In the end the disappointment was far more profound for Kerry, who never performed - as acknowledged by manager Eamonn Fitzmaurice. Their highly regarded attack never got traction (literally, on the ice-rink surface) and were well contained by Dublin’s defence.

More disastrously - especially on a day when Stephen Cluxton’s kick-out yips intensified - their centrefield of David Moran and Anthony Maher, by consensus the best in the country, malfunctioned and was outplayed by Dublin’s less heralded unit of Denis Bastic, Michael Darragh Macauley and especially newcomer Brian Fenton, whose movement and hard work were invaluable on such an awful afternoon.

Fifteen seconds into his first All-Ireland final he kicked a point and hit the post with a goal attempt in the 47th minute.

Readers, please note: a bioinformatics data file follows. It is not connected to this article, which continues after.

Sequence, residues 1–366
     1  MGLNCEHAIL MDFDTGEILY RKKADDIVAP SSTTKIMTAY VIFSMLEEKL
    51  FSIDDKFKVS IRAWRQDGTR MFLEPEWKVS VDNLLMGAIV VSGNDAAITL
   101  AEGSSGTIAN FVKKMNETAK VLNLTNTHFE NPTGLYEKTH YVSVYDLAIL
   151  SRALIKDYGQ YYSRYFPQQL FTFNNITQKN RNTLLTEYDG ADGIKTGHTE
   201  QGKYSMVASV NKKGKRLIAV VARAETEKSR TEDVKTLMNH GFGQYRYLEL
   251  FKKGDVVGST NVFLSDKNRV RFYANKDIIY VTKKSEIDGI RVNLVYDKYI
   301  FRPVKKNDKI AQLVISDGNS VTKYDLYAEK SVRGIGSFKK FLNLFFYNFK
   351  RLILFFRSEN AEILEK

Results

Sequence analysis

In fact although Cluxton had a nightmare with kick-outs - pressurised by Kerry and unable to take his customary quick re-starts - Dublin’s statistics were better than Kerry’s with just seven out of 19 lost compared with 10 from 24.

This was an impressively gritty performance from Dublin because they must have known as the chances went a-begging in the second half - 10 wides - that they were leaving themselves very vulnerable going into the last 10 minutes but they continually pressed, undaunted by the growing apprehension beginning to grip the blue hordes.

They worked hard though. Diarmuid Connolly, Paul Flynn and Ciarán Kilkenny were well on top of the Kerry half backs and maintained the pressure regardless of the setbacks.

Their composure shone through in the two last points, stretching the lead to three and four points. The first saw Paul Flynn, industrious and reliable after a difficult season, start and finish the move with a great ball to Fenton and super support work to complete the 1-2 and score.

The second represented a four-point turnaround.

Kieran Donaghy had been introduced in the 50th minute and the dropped Kerry captain caused difficulty for Dublin even if his presence as usual appeared to encourage Kerry to treat him as a new Plan A rather than an optional Plan B.